For the 14th year, the Wildlands Conservancy has run a school for Lehigh River stewards the Lehigh River Sojourn.
An average of 100 participants each day cover more than 10 miles on the Lehigh River, from the center of Lehigh Gorge State Park to Walnutport
The sojourn began early on the warm Saturday morning of June 26, to raft the Lehigh Gorge with Pocono Whitewater, which has hosted the first day of the sojourn since it began. The trip was on a scheduled whitewater release from the Francis E. Walter Dam.
"About 750 cubic feet per second were released," said Doug Fogal, an owner of Pocono Whitewater and a member of the rafting trip's guide staff.
After a breakfast catered by the White Haven Bakery, a safety briefing, and a bus ride to the Drake's Creek put-in, the members of the sojourn were assigned six to a raft. Each team carried its raft through Drakes Creek under the stone-arched Lehigh Valley Railroad Bridge and launched into the Lehigh River. Members of the Wildlands Conservancy took photographs at the first rock formation, Dragon Lady.
At White Falls, Mile Long, and Bridal Veil, the rafters enjoyed whitewater rapids. At lunch near Bear Creek, Rob Neitz of the Pennsylvania Department of Conservation and Natural Resources, spoke about the IConserve Program, iconservepa.org.
"This year's theme is trees and forests," he said. "Trees benefit the environment by providing shade, filtering water, absorbing carbon dioxide, and producing oxygen."
That evening, there was a performance by the Lehigh Valley Drum Circle.
On Sunday, the sojourn went canoeing and kayaking from Jim Thorpe to Walnutport. At lunch, they built birdhouses at the Lehigh Gap Nature Center. That evening, the Headlong Retreat entertained.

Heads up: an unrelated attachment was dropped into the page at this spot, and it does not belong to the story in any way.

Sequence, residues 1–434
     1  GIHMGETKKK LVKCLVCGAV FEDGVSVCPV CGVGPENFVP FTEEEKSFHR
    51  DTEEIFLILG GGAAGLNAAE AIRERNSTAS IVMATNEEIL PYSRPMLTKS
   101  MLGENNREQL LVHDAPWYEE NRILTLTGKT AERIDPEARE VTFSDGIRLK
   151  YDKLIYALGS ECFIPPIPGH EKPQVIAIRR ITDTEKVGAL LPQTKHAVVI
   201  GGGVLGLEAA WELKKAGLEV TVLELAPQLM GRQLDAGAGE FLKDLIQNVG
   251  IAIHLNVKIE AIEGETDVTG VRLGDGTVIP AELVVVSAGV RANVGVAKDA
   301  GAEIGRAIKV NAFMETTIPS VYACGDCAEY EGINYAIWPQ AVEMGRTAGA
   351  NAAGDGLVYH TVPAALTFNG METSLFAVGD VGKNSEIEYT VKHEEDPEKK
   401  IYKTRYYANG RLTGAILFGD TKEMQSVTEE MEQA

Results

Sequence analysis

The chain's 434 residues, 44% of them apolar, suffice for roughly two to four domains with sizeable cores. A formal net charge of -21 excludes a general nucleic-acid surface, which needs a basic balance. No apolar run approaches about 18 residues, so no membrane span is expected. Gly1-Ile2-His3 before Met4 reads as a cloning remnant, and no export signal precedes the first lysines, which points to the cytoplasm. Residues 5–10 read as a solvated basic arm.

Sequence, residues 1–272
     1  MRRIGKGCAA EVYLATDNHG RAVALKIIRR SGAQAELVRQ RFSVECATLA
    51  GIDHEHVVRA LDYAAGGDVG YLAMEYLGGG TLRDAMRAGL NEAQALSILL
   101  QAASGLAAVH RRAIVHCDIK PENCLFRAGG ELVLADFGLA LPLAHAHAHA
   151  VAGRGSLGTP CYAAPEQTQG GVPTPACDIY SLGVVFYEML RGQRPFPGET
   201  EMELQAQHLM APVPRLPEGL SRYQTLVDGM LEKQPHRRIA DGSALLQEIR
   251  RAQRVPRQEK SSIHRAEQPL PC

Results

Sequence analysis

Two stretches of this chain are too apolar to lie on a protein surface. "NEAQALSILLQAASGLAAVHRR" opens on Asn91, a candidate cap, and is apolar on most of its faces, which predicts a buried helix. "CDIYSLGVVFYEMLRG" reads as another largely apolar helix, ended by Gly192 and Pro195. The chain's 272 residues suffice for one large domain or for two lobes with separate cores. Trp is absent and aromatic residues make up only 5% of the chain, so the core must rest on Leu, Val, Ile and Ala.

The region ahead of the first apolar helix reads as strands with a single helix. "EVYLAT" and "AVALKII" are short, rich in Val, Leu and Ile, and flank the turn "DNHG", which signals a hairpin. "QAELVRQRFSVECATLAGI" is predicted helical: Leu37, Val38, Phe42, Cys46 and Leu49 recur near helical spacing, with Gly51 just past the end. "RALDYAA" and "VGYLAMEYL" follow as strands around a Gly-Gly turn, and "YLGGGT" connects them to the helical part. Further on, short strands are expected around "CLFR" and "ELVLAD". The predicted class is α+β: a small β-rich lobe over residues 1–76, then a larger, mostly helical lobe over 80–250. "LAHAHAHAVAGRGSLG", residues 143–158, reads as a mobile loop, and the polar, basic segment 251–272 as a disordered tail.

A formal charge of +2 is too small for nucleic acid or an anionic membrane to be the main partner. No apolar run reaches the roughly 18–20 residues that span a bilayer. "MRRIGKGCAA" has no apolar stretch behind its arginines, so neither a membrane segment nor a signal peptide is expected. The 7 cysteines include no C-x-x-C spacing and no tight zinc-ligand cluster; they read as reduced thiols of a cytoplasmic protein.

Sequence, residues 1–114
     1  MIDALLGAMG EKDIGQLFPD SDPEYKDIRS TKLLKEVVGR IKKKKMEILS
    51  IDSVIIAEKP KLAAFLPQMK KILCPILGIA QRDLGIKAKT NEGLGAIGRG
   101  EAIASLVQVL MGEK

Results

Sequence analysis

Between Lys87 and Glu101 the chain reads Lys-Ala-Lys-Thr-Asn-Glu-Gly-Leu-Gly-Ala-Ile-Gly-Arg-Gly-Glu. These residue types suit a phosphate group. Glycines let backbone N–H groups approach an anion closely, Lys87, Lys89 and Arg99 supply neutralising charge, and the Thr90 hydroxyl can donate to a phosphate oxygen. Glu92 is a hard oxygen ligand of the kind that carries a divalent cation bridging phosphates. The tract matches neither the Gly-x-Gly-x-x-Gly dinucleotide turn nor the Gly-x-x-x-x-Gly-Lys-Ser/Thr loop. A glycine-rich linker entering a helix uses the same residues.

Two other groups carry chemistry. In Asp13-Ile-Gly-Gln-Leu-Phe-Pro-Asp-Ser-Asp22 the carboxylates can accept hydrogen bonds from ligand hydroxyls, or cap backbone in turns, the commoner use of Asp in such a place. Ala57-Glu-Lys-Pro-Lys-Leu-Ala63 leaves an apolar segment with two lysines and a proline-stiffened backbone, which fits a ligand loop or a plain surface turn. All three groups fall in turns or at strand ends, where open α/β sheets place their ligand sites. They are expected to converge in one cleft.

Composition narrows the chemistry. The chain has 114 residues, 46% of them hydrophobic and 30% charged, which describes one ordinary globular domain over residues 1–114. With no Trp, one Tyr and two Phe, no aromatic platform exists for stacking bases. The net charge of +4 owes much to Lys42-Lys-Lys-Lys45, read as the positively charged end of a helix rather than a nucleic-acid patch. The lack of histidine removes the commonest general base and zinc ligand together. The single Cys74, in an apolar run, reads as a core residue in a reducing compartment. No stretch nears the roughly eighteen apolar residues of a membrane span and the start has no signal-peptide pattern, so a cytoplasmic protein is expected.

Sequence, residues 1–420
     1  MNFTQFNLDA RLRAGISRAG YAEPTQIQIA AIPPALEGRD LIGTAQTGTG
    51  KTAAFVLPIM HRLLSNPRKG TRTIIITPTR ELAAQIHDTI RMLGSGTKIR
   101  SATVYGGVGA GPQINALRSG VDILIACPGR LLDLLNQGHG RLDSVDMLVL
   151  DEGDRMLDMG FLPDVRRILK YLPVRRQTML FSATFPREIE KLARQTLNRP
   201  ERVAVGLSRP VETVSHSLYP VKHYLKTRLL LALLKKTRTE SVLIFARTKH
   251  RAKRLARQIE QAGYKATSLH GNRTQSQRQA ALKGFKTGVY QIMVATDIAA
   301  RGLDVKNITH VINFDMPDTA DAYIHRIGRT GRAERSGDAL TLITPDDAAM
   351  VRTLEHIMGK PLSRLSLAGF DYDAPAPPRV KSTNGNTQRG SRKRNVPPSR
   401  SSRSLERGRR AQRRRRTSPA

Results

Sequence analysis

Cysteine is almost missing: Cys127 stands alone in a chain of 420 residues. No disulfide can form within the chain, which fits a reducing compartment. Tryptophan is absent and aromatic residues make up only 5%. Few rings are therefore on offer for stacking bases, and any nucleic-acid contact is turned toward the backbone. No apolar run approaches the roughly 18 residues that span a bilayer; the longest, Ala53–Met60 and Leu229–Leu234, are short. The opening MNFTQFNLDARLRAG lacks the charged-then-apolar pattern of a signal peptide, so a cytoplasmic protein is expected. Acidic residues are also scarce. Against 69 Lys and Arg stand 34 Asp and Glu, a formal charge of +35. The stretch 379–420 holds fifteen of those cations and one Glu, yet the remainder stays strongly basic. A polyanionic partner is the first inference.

The sojourn concluded on Monday with a macroinvertebrate education program at Laury's Station. The Sojourn's concluding program is its annual Wildlands Conservancy's Friend of the Lehigh River Award, held Monday evening at the Allentown Brew Works.
The award recipients were: Jan Creedon, Lehigh County; Diane Kripas, DCNR Bureau of Recreation and Conservation; the late John Schneller, of the Lehigh Valley Kayak and Canoe Club; and the Eastern Pennsylvania Coalition for Abandoned Mine Reclamation.
"The preservation and protection of one of the Lehigh Valley's most vital resources is a collaborative effort among many individuals, organizations, and government bodies. This award allows Wildlands Conservancy to applaud those who make a conscious effort to either protect the Lehigh River or educate others on its importance," said Christopher Kocher, president of the conservancy.
Jon Meade, executive director of Pennsylvania Organization for Watersheds and Rivers, joined this year's sojourn. POWR is a nonprofit organization helping local watershed organizations protect watersheds and water quality.
"We run a grant program fronted by DCNR that helps a statewide sojourn program take place," he explained. "We support up to 12 sojourns each year in Pennsylvania multiday paddling trips that help build stewardship and awareness of rivers around the state."
The sojourn is aided by a summer whitewater release schedule that has made the Lehigh River more accessible for paddlers and helped develop it as a trout fishery. The Wildlands Conservancy coordinated development of a Lehigh River Management Plan that, over the past five years, has led to this plan of releases.
During the first Lehigh Sojourn, the water level was so low, that a paddling trip was not possible. Instead, the sojourn became a bicycle trip.
"We did it by accident that first year," said Kocher. "Later, we scheduled a day of rafting and a day of biking."